Waskaganish has a high rate of sober-living citizens. The efforts that were made for that social change were done with individual choice and group effort as objectives. That encouragement to me has touched other communities. I think that is the direction to continue as a group – to make changes on violence and its effects in a regional effort, networking as a group with a zero-tolerance policy on violence.

I encourage others as parents and concerned people of our communities. We need to be responsible for our own actions and words with our own children. I have witnessed the negative effect that violence had in my own life as a young boy. The behaviour of a four-year-old boy who was physically beaten violently was never able to overcome the anger from that incident until recently.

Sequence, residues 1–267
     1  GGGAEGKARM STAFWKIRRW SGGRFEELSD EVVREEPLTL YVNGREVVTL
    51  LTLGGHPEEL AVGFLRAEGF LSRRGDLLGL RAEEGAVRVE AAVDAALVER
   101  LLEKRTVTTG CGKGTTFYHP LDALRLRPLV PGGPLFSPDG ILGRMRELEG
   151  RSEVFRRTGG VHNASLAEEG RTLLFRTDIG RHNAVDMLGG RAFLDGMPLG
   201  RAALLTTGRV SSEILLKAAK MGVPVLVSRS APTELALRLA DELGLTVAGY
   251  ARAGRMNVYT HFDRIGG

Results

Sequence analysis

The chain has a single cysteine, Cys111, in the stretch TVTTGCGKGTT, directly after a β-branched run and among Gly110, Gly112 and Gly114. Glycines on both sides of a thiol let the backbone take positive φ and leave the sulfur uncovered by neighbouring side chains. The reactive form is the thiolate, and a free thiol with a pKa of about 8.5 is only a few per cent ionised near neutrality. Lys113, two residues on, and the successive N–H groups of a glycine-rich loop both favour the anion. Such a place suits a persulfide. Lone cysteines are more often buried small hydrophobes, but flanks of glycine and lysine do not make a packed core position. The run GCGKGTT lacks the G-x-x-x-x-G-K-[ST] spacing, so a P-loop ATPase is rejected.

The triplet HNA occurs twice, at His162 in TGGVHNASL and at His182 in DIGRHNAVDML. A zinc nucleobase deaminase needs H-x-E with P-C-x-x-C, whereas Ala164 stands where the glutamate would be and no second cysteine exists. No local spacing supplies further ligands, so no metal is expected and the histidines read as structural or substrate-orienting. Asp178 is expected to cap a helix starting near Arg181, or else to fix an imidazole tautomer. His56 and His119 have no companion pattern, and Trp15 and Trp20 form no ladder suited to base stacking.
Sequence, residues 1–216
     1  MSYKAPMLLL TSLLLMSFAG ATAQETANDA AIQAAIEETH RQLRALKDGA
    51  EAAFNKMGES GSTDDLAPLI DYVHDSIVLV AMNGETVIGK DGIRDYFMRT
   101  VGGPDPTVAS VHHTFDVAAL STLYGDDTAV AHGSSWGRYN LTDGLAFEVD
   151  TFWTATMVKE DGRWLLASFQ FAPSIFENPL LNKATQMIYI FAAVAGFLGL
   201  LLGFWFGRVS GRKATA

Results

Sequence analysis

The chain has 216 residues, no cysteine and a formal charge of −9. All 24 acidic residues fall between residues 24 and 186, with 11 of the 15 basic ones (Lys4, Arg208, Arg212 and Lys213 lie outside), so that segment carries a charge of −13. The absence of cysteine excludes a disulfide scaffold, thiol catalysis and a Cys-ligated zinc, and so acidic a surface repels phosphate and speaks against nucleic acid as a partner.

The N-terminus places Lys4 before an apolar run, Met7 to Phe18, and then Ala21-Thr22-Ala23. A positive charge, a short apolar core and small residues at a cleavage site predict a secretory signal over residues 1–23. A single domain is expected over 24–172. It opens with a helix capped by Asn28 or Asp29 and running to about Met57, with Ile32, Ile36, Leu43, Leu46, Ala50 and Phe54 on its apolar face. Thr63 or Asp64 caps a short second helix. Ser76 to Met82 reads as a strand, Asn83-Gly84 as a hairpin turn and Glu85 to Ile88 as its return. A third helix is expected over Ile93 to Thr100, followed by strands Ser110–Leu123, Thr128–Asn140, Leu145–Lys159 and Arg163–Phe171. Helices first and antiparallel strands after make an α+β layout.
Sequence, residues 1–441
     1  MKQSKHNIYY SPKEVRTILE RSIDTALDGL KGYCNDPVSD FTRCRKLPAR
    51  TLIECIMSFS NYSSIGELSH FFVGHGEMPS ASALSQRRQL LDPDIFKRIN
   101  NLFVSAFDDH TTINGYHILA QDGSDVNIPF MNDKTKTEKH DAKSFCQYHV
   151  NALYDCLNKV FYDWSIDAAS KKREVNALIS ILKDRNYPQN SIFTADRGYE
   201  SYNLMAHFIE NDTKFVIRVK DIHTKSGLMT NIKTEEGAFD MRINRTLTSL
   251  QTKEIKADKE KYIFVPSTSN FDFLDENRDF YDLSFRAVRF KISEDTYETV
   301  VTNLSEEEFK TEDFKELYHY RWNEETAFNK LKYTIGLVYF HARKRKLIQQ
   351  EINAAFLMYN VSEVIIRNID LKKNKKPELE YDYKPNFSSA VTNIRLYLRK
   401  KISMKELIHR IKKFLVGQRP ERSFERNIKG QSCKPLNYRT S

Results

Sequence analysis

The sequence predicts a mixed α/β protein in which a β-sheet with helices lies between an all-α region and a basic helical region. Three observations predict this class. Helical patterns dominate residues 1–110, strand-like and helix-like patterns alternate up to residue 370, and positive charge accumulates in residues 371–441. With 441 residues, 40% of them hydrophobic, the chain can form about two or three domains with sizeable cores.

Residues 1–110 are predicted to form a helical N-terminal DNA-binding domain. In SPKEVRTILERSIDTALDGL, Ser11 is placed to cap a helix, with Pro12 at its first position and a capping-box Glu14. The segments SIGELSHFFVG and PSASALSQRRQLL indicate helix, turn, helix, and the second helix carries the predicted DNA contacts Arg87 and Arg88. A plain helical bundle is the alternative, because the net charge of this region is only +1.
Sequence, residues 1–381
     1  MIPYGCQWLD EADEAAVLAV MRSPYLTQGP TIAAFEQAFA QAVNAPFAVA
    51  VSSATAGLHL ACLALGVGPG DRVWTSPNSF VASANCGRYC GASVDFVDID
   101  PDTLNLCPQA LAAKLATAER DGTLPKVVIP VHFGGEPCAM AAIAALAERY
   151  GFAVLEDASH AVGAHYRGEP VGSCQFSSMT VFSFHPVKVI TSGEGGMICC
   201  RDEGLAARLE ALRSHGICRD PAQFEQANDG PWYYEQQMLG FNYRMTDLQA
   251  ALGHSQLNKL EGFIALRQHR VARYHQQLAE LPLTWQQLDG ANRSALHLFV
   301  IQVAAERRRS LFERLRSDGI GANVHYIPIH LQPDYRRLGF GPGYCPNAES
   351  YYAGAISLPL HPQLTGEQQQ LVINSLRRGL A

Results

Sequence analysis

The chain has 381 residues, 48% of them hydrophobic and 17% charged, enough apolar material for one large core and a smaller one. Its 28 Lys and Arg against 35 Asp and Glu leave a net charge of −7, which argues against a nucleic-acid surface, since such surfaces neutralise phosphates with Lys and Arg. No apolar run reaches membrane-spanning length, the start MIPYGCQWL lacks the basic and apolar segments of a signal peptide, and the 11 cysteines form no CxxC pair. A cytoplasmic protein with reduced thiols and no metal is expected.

The suppression of that inner turmoil went on into adulthood. Keeping silent and expressing my emotions only when attacked physically or emotionally led to more violence. I am not ashamed to say today that I did pass aggressive and violent behaviour to my wife and children, especially during my years of drinking binges I was a part of.

Thankfully, it is about seven years since I have overcome the drugs and booze with help from counselors and belief and faith of our God, the Creator. The effects of violence are passed on to another generation, my children, and we experience difficulties and work on them. I learned to love and forgive the perpetrator of that violence and learned that he too went through a violent period early in his own childhood and so did his abuser.

As a family we are healing from that violent period. I can now listen to my children’s feelings and emotions of what we encounter in our daily lives. Listening is not just the words they say but the actions they do.